Who Do You Think We Are, Ted Danson?

Recognize this store? Ironically, we don't have any Smirnoff!

-David Driscoll


D2D Interview: Salvatore Ferragamo

When our Italian buyer Greg St. Clair told me that Salvatore Ferragamo was coming to K&L in San Francisco on Sunday, October 1st for a special public tasting, I felt bad telling him that Salvatore Ferragamo passed away back in the early sixties so that wasn't possible. Greg knows I have a thing for Ferragamo shoes, so I thought maybe he was playing a joke on me, but then he clarified: "It's his grandson; he has the same name, but he's the family winemaker." Suddenly everything made sense. I'd seen the Salvatore Ferragamo name thrown around in articles talking about the family's Il Borro estate in Tuscany, both a proper winemaking facility as well as a luxury hotel destination, but I had always assumed they were talking about the fashion company as a whole. Not the case! They were indeed referring to Salvatore Ferragamo Jr, the dashing third generation superstar who has taken the family business to the next level by producing a portfolio of well-received Super Tuscans. Born and raised in one of the world's most iconic fashion families, how is it that someone who looked like a fashion model, clearly destined for a career in the world of haute couture with a famous name and chiseled jaw line, found himself toiling away in the cellar, making Sangiovese blends instead of walking the runway? I was interested, so I gave him a call earlier in the week and we chatted about that very subject. Our conversation is below:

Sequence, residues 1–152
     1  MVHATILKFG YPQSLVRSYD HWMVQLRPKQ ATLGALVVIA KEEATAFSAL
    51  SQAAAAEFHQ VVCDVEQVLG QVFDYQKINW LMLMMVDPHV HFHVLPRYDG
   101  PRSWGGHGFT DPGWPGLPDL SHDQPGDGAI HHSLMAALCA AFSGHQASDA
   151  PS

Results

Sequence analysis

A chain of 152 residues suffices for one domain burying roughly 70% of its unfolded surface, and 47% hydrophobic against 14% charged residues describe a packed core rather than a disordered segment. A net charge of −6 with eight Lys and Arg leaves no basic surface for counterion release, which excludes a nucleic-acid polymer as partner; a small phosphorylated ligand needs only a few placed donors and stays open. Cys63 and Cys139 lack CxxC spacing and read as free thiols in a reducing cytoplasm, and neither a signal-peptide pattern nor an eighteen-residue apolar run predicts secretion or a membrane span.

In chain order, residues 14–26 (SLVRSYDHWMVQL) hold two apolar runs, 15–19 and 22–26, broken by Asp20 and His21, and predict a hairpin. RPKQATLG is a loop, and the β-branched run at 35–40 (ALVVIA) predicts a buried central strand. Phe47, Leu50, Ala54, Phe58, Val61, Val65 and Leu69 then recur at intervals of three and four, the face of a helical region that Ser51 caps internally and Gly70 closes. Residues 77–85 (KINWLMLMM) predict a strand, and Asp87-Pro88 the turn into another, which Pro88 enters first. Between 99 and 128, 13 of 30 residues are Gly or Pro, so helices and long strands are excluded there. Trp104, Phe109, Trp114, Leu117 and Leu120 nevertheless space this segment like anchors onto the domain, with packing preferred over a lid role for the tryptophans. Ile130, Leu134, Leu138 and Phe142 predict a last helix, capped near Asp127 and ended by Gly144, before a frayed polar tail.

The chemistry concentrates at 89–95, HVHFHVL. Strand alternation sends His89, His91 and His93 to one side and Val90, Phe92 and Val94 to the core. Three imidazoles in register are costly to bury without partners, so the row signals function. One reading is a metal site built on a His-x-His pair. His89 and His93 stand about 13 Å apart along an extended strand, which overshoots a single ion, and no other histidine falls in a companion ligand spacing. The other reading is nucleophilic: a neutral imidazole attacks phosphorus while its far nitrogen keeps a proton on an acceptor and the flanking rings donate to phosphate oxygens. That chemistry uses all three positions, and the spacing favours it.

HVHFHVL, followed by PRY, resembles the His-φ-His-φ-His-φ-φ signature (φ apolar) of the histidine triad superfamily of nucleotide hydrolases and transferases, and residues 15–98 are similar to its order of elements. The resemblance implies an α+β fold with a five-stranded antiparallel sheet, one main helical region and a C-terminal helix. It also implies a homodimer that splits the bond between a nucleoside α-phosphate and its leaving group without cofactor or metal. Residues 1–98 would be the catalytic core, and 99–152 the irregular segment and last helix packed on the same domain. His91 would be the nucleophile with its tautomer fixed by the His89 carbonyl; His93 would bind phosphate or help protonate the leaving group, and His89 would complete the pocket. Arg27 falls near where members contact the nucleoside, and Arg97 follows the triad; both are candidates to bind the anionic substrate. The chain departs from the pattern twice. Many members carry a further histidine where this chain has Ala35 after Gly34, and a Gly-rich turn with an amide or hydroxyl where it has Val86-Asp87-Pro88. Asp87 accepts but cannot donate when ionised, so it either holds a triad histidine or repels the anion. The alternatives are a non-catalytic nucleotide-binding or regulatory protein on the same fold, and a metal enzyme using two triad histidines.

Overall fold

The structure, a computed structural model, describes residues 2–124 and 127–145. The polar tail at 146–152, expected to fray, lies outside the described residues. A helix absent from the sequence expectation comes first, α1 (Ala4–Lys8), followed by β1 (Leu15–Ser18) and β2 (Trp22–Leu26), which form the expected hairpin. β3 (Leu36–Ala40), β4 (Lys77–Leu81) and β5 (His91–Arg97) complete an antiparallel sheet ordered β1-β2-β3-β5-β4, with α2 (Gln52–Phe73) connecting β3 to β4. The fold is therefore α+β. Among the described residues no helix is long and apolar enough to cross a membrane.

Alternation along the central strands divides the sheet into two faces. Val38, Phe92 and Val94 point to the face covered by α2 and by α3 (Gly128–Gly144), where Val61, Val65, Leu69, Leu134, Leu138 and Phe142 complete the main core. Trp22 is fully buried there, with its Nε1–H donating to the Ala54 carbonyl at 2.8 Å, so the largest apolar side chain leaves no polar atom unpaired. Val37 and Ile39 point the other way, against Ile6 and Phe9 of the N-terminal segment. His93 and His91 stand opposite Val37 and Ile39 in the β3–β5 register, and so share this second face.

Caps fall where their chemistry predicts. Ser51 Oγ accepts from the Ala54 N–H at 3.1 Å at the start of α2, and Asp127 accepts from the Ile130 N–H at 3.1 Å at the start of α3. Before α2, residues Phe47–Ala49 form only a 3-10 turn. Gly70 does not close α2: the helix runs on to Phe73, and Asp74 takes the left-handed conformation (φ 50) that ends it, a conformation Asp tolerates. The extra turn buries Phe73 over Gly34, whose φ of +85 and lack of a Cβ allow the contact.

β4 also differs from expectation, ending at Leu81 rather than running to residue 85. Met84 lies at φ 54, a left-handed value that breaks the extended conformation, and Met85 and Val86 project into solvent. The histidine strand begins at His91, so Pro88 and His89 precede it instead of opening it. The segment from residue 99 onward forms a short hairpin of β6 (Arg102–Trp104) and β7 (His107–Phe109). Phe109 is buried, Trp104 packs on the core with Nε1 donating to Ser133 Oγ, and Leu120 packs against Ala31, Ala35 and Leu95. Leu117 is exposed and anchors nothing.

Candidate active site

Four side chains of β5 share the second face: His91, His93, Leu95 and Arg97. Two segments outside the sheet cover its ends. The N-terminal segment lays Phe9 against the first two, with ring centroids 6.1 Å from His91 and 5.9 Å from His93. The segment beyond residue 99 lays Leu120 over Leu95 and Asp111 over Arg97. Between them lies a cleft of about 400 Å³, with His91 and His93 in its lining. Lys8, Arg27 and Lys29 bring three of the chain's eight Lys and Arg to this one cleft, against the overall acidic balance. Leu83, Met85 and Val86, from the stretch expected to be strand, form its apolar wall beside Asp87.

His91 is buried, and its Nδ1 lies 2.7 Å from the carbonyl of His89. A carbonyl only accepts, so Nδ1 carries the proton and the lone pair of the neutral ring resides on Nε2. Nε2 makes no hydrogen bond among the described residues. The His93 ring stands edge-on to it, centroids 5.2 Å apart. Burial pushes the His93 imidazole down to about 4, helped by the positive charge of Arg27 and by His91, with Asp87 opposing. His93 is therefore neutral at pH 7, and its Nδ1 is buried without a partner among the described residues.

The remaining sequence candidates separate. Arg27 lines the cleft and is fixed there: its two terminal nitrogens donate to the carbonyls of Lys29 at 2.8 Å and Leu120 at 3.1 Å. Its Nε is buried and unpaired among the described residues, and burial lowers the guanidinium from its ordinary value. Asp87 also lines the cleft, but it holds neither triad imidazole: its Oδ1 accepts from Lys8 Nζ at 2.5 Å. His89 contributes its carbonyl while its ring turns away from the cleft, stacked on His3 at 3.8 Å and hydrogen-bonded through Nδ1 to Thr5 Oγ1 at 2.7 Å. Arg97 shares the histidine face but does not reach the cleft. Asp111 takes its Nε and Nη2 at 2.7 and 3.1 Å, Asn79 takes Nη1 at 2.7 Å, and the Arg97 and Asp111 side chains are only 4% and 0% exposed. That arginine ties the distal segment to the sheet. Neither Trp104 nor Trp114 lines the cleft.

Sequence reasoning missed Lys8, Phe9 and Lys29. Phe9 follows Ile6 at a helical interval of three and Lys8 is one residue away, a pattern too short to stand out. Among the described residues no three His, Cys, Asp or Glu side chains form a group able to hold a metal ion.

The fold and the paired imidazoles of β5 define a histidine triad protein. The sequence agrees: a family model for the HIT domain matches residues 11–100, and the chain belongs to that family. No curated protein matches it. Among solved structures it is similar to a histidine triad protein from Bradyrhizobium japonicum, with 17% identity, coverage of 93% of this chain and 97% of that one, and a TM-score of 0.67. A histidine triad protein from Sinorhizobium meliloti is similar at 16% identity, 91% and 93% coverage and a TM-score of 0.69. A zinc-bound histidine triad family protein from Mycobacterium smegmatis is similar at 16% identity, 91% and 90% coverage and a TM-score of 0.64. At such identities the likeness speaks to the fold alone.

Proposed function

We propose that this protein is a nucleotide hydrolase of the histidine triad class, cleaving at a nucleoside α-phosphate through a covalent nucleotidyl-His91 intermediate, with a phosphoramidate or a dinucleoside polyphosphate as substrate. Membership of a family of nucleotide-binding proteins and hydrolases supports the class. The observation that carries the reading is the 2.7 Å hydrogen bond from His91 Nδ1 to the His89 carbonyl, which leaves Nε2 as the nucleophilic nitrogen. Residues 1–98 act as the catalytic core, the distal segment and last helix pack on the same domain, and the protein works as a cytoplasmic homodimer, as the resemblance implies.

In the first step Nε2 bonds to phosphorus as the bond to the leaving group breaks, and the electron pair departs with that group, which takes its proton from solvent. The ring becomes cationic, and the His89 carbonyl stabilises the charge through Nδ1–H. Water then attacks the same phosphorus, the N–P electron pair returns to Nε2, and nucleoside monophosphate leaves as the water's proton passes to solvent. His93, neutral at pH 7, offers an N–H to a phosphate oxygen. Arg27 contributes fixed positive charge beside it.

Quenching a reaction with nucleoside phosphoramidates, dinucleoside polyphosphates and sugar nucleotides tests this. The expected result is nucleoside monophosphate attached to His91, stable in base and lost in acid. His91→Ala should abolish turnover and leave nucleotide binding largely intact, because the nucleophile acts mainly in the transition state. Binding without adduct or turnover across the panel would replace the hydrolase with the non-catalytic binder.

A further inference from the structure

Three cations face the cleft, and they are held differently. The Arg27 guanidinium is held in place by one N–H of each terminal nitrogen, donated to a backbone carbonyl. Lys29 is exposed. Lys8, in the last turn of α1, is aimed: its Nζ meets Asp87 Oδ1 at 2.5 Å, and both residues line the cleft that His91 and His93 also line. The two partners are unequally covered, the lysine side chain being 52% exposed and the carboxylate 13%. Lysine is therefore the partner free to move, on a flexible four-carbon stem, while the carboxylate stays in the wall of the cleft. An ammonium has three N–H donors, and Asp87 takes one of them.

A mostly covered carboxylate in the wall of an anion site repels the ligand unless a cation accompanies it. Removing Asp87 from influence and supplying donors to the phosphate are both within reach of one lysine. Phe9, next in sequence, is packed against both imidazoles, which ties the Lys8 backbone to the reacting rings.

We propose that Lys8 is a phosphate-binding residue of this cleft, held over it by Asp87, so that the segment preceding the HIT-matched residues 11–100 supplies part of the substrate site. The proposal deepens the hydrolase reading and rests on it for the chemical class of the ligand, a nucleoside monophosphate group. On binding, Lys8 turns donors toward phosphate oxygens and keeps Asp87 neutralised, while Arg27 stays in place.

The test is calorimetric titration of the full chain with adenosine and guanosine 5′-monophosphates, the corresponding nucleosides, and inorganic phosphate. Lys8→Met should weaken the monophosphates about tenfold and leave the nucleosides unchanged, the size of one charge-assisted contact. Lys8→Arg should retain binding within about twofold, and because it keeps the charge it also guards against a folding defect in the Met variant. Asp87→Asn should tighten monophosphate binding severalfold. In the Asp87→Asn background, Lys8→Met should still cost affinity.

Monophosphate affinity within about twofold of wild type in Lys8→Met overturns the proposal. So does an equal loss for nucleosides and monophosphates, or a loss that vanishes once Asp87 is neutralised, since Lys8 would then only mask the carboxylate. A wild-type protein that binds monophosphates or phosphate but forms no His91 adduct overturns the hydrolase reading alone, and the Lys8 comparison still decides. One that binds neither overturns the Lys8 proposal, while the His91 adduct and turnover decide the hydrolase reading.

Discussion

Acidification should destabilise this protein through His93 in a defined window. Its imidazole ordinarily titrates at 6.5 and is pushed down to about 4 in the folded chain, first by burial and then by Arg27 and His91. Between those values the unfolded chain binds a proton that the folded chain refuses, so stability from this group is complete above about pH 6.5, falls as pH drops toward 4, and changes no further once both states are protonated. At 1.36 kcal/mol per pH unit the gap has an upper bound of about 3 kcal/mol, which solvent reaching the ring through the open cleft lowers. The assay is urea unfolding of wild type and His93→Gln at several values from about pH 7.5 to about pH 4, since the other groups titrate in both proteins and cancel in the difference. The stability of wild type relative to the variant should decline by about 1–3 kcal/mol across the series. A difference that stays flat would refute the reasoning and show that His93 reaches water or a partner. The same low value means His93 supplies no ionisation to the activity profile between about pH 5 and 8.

David: Having had the chance to join one of the world’s most iconic fashion empires, your family’s Ferragamo luxury clothing line and your namesake, what made you decide to become a winemaker instead?